this is an addendum to my first note. It provides one more concern about the "trusted computing" model, an important clarification of the nature of my objection, and a retraction on the need for a new design principle.
In the "trusted computing" model, it is suggested that all contracts, by default, use the same mediating agent. This introduces a single point of failure into the system architecture. It also concentrates social and political power into the hands of the mediating agent, which can (and will) be abused.
In my model, all contracts have to be established explicitely, and there is no default mechanism. This will naturally cause people to choose a variety of contracts. For example, many contracts do not require a mediating agent at all, but the common will can be implemented by either of the involved parties. Often, there already is a suitable, local mediating agent available.
My main objection is thus that the pervasive use of the confined+encapsulated design pattern in the system architecture leads to a new qualitative difference between the systems. Every single contract in isolation may appear innocent. Their sum creates emerging behaviour that I consider a threat.
It is an open question to me if the individual contracts indeed are innocent. In every civil society, there are some contracts that are invalid, even if you sign on to them. Some rights are well-recognized as inalienable. If such an inalienable right is contained in the confined+encapsulated design pattern or not is a difficult question that requires a much more careful analysis than I have attempted so far.
However, even if every such individual contract is innocent, my objection still stands, because it is grounded not in the nature of the individual contract, but in the cummulative effect if it is used pervasively in the system architecture.
In fact, it is not hard to see that if we take an individual contract of the confined+encapsulated sort, it can be straightforwardly implemented in my model with only one requirement beyond what I have already planned for: The user would need to be able to create a space bank that provides encapsulation. (Some more features are required to make it possible to create such services automatically without human inspection, but that is a minor point). However, the presence of this feature is a local property of the system architecture, not a global property.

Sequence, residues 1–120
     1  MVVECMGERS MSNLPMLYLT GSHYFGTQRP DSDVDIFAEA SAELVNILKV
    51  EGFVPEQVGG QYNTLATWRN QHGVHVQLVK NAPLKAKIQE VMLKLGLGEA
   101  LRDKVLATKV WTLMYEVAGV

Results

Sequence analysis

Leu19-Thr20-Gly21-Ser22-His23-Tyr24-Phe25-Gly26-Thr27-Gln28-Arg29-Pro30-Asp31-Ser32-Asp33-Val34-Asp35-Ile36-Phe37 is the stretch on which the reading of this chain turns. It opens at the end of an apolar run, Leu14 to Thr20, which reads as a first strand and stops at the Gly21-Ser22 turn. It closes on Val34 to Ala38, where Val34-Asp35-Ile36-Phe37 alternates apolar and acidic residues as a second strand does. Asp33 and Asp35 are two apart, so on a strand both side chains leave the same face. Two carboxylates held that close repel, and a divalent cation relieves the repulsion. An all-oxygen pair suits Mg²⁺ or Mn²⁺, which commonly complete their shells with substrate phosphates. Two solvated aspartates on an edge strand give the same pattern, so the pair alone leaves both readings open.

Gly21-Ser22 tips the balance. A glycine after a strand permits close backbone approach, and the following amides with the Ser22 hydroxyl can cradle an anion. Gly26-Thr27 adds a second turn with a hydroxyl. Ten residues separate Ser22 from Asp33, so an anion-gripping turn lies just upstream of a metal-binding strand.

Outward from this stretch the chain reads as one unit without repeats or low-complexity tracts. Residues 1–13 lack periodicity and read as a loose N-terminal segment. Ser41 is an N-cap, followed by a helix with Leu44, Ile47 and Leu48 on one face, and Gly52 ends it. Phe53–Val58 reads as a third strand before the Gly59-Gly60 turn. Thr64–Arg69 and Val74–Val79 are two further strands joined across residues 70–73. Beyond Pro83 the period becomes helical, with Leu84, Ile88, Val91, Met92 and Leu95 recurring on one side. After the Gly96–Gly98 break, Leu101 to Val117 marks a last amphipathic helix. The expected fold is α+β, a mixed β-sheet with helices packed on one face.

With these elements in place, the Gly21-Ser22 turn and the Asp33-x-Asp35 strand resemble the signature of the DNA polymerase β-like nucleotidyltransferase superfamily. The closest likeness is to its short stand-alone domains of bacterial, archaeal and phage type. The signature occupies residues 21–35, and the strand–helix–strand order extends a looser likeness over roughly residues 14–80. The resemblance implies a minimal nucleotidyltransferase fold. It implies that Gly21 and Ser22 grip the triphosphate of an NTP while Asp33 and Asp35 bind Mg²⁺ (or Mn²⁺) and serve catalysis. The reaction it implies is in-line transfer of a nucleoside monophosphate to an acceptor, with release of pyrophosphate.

It is thus difficult for me to understand why it has been argued that not using this form of contract in the system architecture constitutes a de-facto ban of the ability to engage in such a contract. Quite the opposite, I think that engaging in such a contract is very well possible with only local, non-intrusive changes to the operating system to support some very specific functions. Maybe (I have not analyzed this) it does not make sense to engage in only one such contract with limited scope, maybe the very nature of the contract requires its pervasive use in the system architecture. If this is true (again, I do not know if this is true or not), this could be a first indication that this particular form of contract is not as innocent as it appears.
I have suggested before that I have formed a new design principle that provides a taxometer for the use of the confined+encapsulated design pattern. However, after having written my note I do not think that a new design principle is necessary.
The only decision that has to be made is if the risk of losing the "substance of ones being", as it applies to the realm of one's computers, is a security threat or not. The rest follows quite logically from standard principles on how to design secure operating systems.
The substance of my argument can thus be summarized in four simple words:
Ownership must be secured.